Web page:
However a small group of hardline supporters of Israel has consistently blocked or watered down tougher action by the EU, and the proposal to review the trade agreement would be likely to face their opposition.

Speaking in the Dáil on Wednesday, Taoiseach Leo Varadkar said any suspension of the agreement “may well require unanimity” of EU member states. Mr Varadkar also rejected that the Government was “standing idly by”, following criticism from Independent TD Catherine Connolly.

“When I meet representatives of Palestinians or the Palestinian Authority or leaders of other Arab countries, they thank us for the stance we are taking,” he said.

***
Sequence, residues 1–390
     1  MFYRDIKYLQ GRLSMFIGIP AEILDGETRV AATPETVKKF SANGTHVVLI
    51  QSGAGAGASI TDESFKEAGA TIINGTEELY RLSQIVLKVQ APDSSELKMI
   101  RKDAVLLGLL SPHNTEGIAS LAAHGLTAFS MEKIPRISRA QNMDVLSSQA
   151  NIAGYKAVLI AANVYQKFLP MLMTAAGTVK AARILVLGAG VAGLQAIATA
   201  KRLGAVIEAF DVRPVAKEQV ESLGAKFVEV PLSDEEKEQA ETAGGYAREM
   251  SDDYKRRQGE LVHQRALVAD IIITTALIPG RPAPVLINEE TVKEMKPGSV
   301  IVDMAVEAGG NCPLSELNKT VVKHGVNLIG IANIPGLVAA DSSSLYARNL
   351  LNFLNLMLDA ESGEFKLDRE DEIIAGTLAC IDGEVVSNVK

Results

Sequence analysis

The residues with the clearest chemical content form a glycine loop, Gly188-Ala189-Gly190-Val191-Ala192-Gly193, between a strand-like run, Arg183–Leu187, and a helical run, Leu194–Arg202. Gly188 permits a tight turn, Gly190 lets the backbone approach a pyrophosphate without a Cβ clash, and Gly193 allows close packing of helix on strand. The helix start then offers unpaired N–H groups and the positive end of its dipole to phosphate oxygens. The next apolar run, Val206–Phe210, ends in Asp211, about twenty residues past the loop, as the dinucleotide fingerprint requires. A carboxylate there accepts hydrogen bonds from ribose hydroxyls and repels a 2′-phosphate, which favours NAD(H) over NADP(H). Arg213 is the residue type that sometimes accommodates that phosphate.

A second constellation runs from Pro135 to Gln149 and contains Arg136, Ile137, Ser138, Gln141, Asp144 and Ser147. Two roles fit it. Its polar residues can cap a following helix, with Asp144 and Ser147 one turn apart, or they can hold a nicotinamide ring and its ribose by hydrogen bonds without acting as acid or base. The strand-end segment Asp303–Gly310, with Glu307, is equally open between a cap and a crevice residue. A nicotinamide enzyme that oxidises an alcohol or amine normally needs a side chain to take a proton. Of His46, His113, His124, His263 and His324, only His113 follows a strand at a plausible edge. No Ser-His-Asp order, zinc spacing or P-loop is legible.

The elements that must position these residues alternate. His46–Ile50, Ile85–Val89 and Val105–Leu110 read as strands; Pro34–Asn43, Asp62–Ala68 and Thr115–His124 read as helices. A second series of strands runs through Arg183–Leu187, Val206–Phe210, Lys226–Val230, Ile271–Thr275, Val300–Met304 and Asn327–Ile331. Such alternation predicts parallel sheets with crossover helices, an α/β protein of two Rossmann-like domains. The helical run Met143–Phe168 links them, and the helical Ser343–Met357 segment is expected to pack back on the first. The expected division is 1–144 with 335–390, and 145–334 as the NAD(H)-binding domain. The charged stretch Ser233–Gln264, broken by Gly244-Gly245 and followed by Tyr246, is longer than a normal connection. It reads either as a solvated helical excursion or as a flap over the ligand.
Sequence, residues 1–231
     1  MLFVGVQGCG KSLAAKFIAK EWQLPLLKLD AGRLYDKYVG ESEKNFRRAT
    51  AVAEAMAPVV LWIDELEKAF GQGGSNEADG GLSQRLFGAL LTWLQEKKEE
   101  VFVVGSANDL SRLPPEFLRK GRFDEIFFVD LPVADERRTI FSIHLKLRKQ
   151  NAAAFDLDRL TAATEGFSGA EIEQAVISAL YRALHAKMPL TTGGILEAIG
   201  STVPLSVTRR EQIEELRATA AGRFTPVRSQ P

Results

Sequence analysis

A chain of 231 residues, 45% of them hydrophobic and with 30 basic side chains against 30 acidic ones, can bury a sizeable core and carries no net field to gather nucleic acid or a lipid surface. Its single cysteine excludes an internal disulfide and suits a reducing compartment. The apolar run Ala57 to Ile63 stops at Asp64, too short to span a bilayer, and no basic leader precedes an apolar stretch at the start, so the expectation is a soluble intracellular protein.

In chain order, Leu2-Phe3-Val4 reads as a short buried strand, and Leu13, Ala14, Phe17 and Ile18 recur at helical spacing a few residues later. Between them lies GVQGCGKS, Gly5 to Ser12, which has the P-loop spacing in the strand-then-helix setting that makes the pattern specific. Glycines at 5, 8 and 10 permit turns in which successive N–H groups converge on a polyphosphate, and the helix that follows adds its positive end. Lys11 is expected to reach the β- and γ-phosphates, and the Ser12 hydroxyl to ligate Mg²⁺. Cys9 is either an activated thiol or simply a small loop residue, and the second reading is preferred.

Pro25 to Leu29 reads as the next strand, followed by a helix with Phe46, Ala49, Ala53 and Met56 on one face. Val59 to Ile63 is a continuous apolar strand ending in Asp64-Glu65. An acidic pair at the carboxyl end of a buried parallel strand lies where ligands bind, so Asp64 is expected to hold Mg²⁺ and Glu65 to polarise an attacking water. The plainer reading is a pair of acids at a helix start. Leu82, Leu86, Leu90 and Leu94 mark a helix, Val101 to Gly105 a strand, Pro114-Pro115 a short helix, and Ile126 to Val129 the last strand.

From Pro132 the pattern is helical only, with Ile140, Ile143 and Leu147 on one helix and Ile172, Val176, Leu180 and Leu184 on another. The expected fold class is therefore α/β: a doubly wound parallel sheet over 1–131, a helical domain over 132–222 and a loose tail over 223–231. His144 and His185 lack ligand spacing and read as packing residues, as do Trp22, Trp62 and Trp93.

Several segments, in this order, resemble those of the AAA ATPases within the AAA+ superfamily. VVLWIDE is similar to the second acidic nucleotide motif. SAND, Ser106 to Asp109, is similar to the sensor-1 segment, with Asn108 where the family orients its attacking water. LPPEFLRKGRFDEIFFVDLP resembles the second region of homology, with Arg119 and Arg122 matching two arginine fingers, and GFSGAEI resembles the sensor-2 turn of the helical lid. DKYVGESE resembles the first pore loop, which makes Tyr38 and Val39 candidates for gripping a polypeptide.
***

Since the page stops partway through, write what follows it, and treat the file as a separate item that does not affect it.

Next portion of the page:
“We are seen as a country that is showing leadership on this issue, but we have to do it in a way that makes sense, that is smart and allows us to continue to try to bring countries with us.

“At the first meeting of the European Council after this conflict started, we were in a minority in calling for a ceasefire. We are now in the clear majority and we have to make sure we are able to bring people with us - not people who already agree with us, but people who do not yet but might into the future.”

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Cormac McQuinn

Cormac McQuinn

Cormac McQuinn is a Political Correspondent at The Irish Times

Naomi O’Leary

Naomi O’Leary

Naomi O’Leary is Europe Correspondent of The Irish Times

Sarah Burns

Sarah Burns

Sarah Burns is a reporter for The Irish Times